Photography Show Decades In The Making Comes To POB Library


An exhibit decades in the making, photographer David P. Doran is finally debuting his latest solo show at the Plainview – Old Bethpage Public Library this month. The show opened on April 3 and will be available for the public until April 28.

David P. Doran (Photo credit: Ed Lefkowitz)

This show is titled Man’s Relationship with the Natural Forces of Entropy, which contrasts images of young women with scenes of gradual decline into disorder. The featured photographs were taken over the course of many years, which speaks to Doran’s perfectionism and dedication to achieving his “perfect shot”. “It is said that a photographer may go through a mile of film before a good picture is obtained,” he quoted. “You can see this in that my prints date from 1986 to 2003. It took that time to get enough pictures to put an exhibit together.”

What constitutes a shot worthy of exhibition? According to Doran, there are two main types of photography: documentary and expressive. “Expressive photography requires an emotional reaction when you look at a picture, though you may not be aware of it.” This is the type of photography that Doran has pursued; photography that has a hot-wire into your emotions. He has been perhaps his own greatest critic in the pursuit of photographs that evoke such a response. “If it doesn’t do anything for you, then the picture isn’t strong enough.”

Doran has perfected his process over the years. He almost always uses a yellow filter to correct skin tones and increase contrast. All but one of the photographs – Young Woman with Guitar, 1989 – were taken using a tripod, to ensure a particular sharpness and composition. His work employs a roll film camera. “The roll film cameras, when used with a tripod, are really what most photographers would call 4 x 5 vision. In other words, you’d be shooting with a tripod the same way you would with a 4 x 5 sheet film – or an 8 x 10 – sheet film camera. You’ll be working very slowly, and really exploring the four corners of the frame.”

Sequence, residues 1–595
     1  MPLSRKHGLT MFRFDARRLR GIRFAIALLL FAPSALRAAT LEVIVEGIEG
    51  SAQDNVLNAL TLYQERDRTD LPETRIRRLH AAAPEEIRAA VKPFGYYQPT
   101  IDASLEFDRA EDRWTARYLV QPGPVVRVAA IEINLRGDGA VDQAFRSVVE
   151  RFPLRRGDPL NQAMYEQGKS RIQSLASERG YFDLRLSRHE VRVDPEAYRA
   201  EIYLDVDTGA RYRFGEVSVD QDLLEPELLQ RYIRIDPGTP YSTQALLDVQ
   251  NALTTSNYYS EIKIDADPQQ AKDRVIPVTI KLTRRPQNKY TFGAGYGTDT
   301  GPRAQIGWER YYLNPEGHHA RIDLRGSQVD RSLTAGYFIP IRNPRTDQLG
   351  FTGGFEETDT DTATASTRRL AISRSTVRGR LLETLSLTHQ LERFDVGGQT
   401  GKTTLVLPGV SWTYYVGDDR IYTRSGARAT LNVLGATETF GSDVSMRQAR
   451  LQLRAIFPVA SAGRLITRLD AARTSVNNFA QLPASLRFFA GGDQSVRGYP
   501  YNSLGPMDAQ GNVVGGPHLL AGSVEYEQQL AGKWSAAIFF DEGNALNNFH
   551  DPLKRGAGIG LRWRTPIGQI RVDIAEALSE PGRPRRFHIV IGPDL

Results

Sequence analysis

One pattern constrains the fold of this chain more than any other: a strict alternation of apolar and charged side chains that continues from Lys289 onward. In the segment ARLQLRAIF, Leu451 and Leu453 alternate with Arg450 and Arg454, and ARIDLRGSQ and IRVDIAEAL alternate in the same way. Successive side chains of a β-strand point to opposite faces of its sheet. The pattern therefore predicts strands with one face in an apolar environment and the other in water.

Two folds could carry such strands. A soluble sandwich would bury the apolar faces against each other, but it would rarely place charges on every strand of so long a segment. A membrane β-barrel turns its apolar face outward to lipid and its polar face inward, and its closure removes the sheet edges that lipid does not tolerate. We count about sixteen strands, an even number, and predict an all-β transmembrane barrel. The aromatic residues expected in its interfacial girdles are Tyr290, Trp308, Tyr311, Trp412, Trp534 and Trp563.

God’s Half Acre, Southhold, NY, 1986. (Photo courtesy of David P. Doran)

He has also employed the use of a 35 mm camera, though sparingly. As he explains, “35mm is something which is really for action photography or spontaneous or candid photography.” While Doran can appreciate more spontaneous forms of photography, he notes that it is not his style, and that he much prefers structure in his shots. He focuses on every element of his shots, including the background – which he feels photographers sometimes forget about. “My theory is that the background is as important as the foreground. If the foreground is too cluttered or is too busy, the picture in most cases won’t work.”

This is not to say that Doran plans out every element of his shoots, as he notes that some of his photographs spurred from an inclination more than a strict plan. “Sometimes I have an idea of what I’m looking for in nature; old buildings or peeling paint, or the Ansel Adams great landscape. Other times, I’m walking through the woods or just driving around, looking for something that fits the idea of what I have.” He cites one of the photos – Mono Lake, California, 1986 – as an example. “I knew what Mono Lake looked like, I wanted to go there. And then when I got there, the question was to find a composition which I felt was going to work. But the design idea was to go to Mono Lake in the first place.”